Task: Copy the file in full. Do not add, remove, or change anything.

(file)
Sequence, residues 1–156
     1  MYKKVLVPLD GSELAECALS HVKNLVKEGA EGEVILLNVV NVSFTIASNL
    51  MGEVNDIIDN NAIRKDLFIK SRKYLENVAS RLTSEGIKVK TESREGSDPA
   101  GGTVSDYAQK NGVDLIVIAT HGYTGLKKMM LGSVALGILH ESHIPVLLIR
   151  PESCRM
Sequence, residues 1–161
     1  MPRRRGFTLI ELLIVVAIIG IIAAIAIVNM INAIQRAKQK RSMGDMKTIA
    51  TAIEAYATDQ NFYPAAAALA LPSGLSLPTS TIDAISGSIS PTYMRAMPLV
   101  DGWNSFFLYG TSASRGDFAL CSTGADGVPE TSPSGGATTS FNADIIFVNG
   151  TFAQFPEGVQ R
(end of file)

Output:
Sequence, residues 1–156
     1  MYKKVLVPLD GSELAECALS HVKNLVKEGA EGEVILLNVV NVSFTIASNL
    51  MGEVNDIIDN NAIRKDLFIK SRKYLENVAS RLTSEGIKVK TESREGSDPA
   101  GGTVSDYAQK NGVDLIVIAT HGYTGLKKMM LGSVALGILH ESHIPVLLIR
   151  PESCRM
Sequence, residues 1–161
     1  MPRRRGFTLI ELLIVVAIIG IIAAIAIVNM INAIQRAKQK RSMGDMKTIA
    51  TAIEAYATDQ NFYPAAAALA LPSGLSLPTS TIDAISGSIS PTYMRAMPLV
   101  DGWNSFFLYG TSASRGDFAL CSTGADGVPE TSPSGGATTS FNADIIFVNG
   151  TFAQFPEGVQ R